More than ten years ago, I spent a few December days watching my friend’s little girl. My friend was in the hospital laboring to deliver a baby boy whose heart had already stopped beating. Over the weekend, I took care of another little girl who has no idea her parent’s hearts are broken.

All weekend, in the background, Over the Rhine was singing, “If we make it through December we’ll be fine.”

Christmas at Longwood Gardens

This was going to be the year I would look on the bright side, but I have just about accepted that there is no bright side in December. Only darkness and the pin-prick lights on the Christmas tree, and tonight is the longest night.

At one in the morning on the fourth Sunday of Advent, my friend’s little girl threw up. When I found her, she was crying, and her beautiful curly hair was smeared with vomit. While I bathed her and toweled her dry, I thought two things: Why is this happening tonight? and Thank you, Jesus, that I can do this for my friend.

This is what we do in December. We bake sugar cookies, and we scrub vomit from the sheets. We cry for our friends and we cry for ourselves, and we hand out bars of chocolate tied with red and green bows. We make toasts to the new year, and we wonder how we’ll ever survive another one.

We pray come, Lord Jesus, come, and we remember that he already has and that he’s seen it all before. The vomit and the death. The good food and the hunger. The love and the loss.

I don’t know if I’m angry, or tired, or simply sad, but I will keep baking cookies. I will continue hanging ornaments, and I will make my husband climb up on the barn roof to secure a lighted star.

Because somehow despite it all (or because of it?) I still believe that there is a God up there in heaven who has made us this promise: “I will turn their mourning into gladness; I will give them comfort and joy instead of sorrow” (Jeremiah 31:13).

We live somewhere between the promise and its ultimate fulfillment. It is a land where tears drop onto festive wrapping paper. A place dusted with cookie crumbs and peppermints. It is empty stockings hung by the fire, and it is our hope, perhaps a little shaky and unsure, that one day we will wake and those stockings will be full.

But it isn’t only a one-day hope. Perhaps if we make it through December we will be fine, but I don’t want to be fine. I want more than that. I want better than that.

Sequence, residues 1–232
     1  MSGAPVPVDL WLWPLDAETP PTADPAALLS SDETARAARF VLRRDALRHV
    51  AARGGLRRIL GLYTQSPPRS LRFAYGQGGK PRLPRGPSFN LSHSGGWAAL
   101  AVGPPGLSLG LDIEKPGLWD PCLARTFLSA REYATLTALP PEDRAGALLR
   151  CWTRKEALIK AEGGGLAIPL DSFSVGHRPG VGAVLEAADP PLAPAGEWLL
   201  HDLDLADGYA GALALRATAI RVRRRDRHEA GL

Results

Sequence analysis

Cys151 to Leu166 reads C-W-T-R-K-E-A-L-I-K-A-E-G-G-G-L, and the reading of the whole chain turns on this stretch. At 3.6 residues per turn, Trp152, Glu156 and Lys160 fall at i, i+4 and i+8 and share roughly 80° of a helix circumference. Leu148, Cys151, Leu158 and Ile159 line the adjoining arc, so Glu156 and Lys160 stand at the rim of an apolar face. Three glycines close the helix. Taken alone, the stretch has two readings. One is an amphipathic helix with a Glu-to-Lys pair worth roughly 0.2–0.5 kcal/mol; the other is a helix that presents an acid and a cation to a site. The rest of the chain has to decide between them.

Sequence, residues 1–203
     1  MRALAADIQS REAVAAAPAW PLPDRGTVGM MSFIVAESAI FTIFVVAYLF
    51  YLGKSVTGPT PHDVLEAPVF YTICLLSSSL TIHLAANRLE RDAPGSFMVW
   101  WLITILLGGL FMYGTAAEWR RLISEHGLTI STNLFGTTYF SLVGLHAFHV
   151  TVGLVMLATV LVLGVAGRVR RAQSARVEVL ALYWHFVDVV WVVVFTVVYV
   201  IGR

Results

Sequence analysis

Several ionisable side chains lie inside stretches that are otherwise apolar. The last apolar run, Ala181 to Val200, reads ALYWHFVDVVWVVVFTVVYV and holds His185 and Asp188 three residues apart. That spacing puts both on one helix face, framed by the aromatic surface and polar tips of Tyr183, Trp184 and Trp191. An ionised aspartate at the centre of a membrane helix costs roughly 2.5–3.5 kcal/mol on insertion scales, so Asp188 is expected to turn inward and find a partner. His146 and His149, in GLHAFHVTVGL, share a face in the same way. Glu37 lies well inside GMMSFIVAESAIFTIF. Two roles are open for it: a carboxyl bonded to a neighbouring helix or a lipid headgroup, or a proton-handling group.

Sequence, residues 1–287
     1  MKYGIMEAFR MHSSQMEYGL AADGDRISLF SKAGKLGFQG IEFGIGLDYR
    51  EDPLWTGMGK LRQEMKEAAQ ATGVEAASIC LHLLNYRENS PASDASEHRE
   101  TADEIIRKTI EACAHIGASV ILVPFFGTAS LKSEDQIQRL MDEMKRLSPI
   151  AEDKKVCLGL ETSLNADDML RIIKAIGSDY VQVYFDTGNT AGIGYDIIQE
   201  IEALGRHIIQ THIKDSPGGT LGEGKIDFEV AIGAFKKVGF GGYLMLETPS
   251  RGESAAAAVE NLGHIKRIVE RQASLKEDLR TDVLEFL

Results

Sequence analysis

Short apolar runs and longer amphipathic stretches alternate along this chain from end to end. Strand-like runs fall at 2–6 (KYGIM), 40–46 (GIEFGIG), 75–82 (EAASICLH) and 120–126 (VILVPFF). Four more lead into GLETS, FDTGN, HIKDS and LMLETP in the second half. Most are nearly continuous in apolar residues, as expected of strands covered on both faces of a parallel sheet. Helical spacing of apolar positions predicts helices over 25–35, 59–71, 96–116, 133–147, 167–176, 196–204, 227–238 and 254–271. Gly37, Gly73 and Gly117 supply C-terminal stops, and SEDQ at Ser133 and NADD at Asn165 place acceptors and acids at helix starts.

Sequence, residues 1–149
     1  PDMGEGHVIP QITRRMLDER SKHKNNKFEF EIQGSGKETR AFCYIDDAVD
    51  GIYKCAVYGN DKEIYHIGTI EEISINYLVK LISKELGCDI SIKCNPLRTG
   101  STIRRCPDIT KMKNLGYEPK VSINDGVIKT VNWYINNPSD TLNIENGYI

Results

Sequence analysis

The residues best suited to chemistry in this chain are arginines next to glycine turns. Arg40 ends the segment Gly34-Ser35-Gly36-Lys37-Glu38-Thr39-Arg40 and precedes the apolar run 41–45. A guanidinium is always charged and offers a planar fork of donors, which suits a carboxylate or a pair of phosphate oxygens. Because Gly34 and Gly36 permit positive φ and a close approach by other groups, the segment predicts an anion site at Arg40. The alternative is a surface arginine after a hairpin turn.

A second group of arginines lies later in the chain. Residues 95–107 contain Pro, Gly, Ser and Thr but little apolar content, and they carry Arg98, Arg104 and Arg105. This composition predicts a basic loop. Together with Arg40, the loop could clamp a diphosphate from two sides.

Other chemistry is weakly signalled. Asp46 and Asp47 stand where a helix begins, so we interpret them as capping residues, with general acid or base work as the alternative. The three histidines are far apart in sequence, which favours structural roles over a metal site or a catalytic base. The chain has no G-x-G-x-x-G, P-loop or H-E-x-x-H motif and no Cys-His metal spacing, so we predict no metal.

I want gladness.

Gladness like the taste of sugar cookies and candy canes and the cinnamon rolls I make every Christmas morning.

Gladness like the face of a child when snow finally does fall.

Gladness like every bright, sweet gift that comes to us only in December.

Trying To Survive My Favorite Month

It was the time between the lights when colours undergo their intensification and purples and golds burn in window-panes like the beat of an excitable heart; when for some reason the beauty of the world … which is so soon to perish, has two edges, one of laughter, one of anguish, cutting the heart asunder. – Virginia Woolf, A Room of One’s Own

It is October. Blog posts should come easily right now. Beauty upon beauty spins gently from the maple trees. The world is polished to a coppery shine. Yet I have felt anxious. Tongue-tied.

Virginia Woolf was right about the beauty that is particular to October days. Yes, there is laughter (children diving into piles of leaves, Jonathan and I planting daffodil bulbs together), but there is anguish, too.

For weeks now I have been trying to understand why the beauty of October makes me sad. Has it always been this way? Is it more pronounced this year?

October Light in the Kitchen

Last spring, I wrote about the beauty of the golden hour. Here at Maplehurst, the whole month of October is golden. There is the glow of all these maple trees, but it is more than that. The light itself has changed. It is rich and thick, like caramel sauce. Or melted butter. Now, even the blue sky has a golden tint.

What is the golden hour? What is this golden, October light?

It is good news from a far country (Proverbs 25:25).